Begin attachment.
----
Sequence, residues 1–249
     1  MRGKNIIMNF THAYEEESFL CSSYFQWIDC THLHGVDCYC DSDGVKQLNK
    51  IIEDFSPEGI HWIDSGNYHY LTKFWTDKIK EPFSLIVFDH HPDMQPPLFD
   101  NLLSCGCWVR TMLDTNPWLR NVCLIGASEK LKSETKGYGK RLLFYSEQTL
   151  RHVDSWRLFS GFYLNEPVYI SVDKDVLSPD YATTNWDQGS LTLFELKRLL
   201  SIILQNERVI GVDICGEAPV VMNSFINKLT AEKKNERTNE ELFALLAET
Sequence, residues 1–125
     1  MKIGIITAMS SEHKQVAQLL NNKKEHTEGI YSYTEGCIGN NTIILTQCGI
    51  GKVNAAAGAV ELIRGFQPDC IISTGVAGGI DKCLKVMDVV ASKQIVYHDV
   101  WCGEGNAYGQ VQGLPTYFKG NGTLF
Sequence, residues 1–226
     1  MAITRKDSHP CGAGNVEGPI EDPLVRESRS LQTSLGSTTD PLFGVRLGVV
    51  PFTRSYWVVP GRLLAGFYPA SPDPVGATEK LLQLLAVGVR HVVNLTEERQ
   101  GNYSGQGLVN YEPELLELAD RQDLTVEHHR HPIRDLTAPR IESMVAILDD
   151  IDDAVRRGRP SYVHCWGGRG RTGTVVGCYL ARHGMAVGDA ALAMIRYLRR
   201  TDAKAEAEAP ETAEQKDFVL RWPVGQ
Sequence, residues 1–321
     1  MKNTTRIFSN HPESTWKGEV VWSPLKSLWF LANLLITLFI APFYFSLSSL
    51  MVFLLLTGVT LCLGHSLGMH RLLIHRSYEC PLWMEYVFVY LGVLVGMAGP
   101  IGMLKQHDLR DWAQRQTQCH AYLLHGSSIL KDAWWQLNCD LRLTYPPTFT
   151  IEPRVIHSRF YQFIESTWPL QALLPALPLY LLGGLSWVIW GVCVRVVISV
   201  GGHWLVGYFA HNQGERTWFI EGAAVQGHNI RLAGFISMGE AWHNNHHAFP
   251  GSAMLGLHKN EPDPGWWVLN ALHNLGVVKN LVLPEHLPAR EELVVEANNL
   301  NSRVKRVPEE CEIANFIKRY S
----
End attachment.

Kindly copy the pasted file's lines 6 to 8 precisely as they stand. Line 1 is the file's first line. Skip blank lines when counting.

   201  SIILQNERVI GVDICGEAPV VMNSFINKLT AEKKNERTNE ELFALLAET
Sequence, residues 1–125
     1  MKIGIITAMS SEHKQVAQLL NNKKEHTEGI YSYTEGCIGN NTIILTQCGI